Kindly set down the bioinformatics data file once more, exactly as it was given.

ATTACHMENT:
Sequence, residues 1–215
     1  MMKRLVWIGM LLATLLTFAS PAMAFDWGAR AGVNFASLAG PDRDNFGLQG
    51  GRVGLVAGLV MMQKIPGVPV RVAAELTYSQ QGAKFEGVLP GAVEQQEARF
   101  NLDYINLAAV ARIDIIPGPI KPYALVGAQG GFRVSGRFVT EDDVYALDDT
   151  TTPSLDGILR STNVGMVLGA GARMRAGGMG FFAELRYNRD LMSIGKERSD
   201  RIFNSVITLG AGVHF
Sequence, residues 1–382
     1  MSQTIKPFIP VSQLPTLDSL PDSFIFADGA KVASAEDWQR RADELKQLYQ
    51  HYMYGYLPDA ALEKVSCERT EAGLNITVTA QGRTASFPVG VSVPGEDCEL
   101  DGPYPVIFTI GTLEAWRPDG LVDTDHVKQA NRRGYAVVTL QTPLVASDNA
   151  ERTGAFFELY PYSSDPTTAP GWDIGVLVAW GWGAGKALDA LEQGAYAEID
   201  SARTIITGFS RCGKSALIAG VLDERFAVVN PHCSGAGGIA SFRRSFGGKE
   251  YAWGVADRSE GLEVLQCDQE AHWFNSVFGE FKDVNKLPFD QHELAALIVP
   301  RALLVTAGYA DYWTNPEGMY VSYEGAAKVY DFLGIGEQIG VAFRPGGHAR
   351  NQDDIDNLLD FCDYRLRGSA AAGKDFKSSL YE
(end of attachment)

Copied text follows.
Sequence, residues 1–215
     1  MMKRLVWIGM LLATLLTFAS PAMAFDWGAR AGVNFASLAG PDRDNFGLQG
    51  GRVGLVAGLV MMQKIPGVPV RVAAELTYSQ QGAKFEGVLP GAVEQQEARF
   101  NLDYINLAAV ARIDIIPGPI KPYALVGAQG GFRVSGRFVT EDDVYALDDT
   151  TTPSLDGILR STNVGMVLGA GARMRAGGMG FFAELRYNRD LMSIGKERSD
   201  RIFNSVITLG AGVHF
Sequence, residues 1–382
     1  MSQTIKPFIP VSQLPTLDSL PDSFIFADGA KVASAEDWQR RADELKQLYQ
    51  HYMYGYLPDA ALEKVSCERT EAGLNITVTA QGRTASFPVG VSVPGEDCEL
   101  DGPYPVIFTI GTLEAWRPDG LVDTDHVKQA NRRGYAVVTL QTPLVASDNA
   151  ERTGAFFELY PYSSDPTTAP GWDIGVLVAW GWGAGKALDA LEQGAYAEID
   201  SARTIITGFS RCGKSALIAG VLDERFAVVN PHCSGAGGIA SFRRSFGGKE
   251  YAWGVADRSE GLEVLQCDQE AHWFNSVFGE FKDVNKLPFD QHELAALIVP
   301  RALLVTAGYA DYWTNPEGMY VSYEGAAKVY DFLGIGEQIG VAFRPGGHAR
   351  NQDDIDNLLD FCDYRLRGSA AAGKDFKSSL YE